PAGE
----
ECONOMY

Palm oil in big demand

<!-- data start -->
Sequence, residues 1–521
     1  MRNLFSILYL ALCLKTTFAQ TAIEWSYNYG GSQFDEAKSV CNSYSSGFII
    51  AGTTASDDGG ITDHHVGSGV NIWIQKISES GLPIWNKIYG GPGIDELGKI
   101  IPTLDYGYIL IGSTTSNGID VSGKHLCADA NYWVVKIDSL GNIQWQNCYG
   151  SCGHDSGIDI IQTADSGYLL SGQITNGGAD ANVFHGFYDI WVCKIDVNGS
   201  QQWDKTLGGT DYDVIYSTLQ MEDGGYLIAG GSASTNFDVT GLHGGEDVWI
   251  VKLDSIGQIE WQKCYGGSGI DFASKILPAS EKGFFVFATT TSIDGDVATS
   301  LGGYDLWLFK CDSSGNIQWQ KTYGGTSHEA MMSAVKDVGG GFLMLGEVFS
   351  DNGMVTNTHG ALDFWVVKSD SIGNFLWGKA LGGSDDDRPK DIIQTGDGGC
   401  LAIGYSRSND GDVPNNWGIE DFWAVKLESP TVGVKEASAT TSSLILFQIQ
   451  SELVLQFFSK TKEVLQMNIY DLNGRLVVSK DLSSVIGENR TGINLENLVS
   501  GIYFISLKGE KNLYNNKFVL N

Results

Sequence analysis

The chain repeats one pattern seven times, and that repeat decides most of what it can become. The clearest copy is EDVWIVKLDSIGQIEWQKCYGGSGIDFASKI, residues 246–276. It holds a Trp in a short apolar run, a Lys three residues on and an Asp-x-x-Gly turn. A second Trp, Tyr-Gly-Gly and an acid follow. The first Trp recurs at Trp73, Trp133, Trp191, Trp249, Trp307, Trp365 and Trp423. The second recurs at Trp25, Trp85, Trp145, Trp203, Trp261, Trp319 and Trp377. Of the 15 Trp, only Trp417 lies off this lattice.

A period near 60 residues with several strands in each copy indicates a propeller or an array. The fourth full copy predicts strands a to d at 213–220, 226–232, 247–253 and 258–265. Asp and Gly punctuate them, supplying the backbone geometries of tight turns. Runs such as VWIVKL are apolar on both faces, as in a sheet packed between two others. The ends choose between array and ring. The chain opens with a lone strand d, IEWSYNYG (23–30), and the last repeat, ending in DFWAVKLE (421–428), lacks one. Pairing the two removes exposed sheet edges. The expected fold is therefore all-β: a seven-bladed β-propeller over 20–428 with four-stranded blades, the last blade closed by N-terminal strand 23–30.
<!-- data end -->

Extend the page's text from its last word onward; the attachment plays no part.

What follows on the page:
KUALA LUMPUR/AMSTERDAM – Palm oil prices are set to end the year on a high as Europe’s green fuel sector takes its first big consignments from top grower Malaysia to convert into diesel at a time when crude oil prices are soaring. But much will depend on the performance of palm-based fuels, industry officials have said, which are relatively untested compared with renewable energy sources developed decades ago, such as rapeseed oil and ethanol derived from sugar cane. Dutch firm Biox will build four power plants that will run on palm oil byproducts, which it says are cheaper than other renewable energy sources used by European Union countries as they try to cut greenhouse gas emissions and crude oil import bills. «It’s a trend we hope will extend to the whole of the EU biofuels sector,» said Azizi Meor Ngah, chairman of the Malaysian Palm Oil Association. Europe is short of diesel as it has underinvested in refinery production in recent decades while motorists are increasingly switching to the fuel instead of gasoline. The EU has set a non-binding target of 5.75 percent biofuel content by 2010. Biox agreed last week to buy palm oil byproducts, mainly distillates, from Malaysian plantation IOI Group Bhd for 10 years starting from 2007. This followed an agreement in early October to buy 100,000 tons a year from Golden Hope Plantations Bhd over the same 10-year period. «We chose palm oil products because they are the most efficient in terms of energy efficiency and cost of production,» said Edgare Kerkwijk, group finance director for Biox, which is also considering building plants in Italy, Portugal and Greece. «Rape oil is efficient too but it’s too expensive… and we are looking to switch to other products,» he told Reuters. Competition for rape oil Rape oil is the preferred choice of the EU biodiesel industry because of its availability and quality, but fierce competition with the food sector has driven up its price by more than 100 euros over the past two months, to 610 euros per ton. Crude palm oil from Malaysia has risen 5 percent in value in the last two months to about $442 (360 euros) a ton. Palm fatty acid distillates are trading at about $340 (280 euros) a ton. «We don’t want to use crude palm oil because it’s the most expensive palm product,» Kerkwijk said. «We don’t want palm olein because we don’t want to compete with the food industry.» Crude palm oil and olein, its main edible product, are processed into palm diesel or the methyl ester used in diesel engines. Palm biomass, such as palm tree components, and distillates, can make instant fuel for industrial burning. «The future plans of biofuel industries are not based just on rapeseed,» said Pascal Cogels, director general of Fediol, the European vegetable oil producers and processors’ federation. «People are including more palm oil and soy oil into the mix.» Fediol expects palm oil and its products will make up 20 percent of the EU’s biodiesel in the next five years. To do so, it would have to claw away some of the market share of rape oil, which now accounts for about 85 percent of the EU’s biodiesel. The EU now imports about 3.5 million tons of refined and crude palm oil a year, mainly from Malaysia and Indonesia. This is set to rise by about 1 million tons next year as two new Malaysian-owned palm oil refineries come on stream in Rotterdam. Palm oil imports for electricity generation in the Netherlands were around 200,000 tons in the first eight months of 2005, EU oilseed traders said. For the whole year, Dutch power plants could consume up to 400,000 tons of palm oil, industry officials estimated. In a report last month, the US Department of Agriculture said biodiesel had the potential to boost palm oil imports by more than 1 million tons a year. In Britain, green start-up Biofuels Co is set to run its new 250,000-ton plant in northeast England on cheaper feedstock than rape oil, including palm oil. A 100,000-ton biodiesel plant, partly owned by British supermarket giant Tesco, is expected to come on stream by 2006.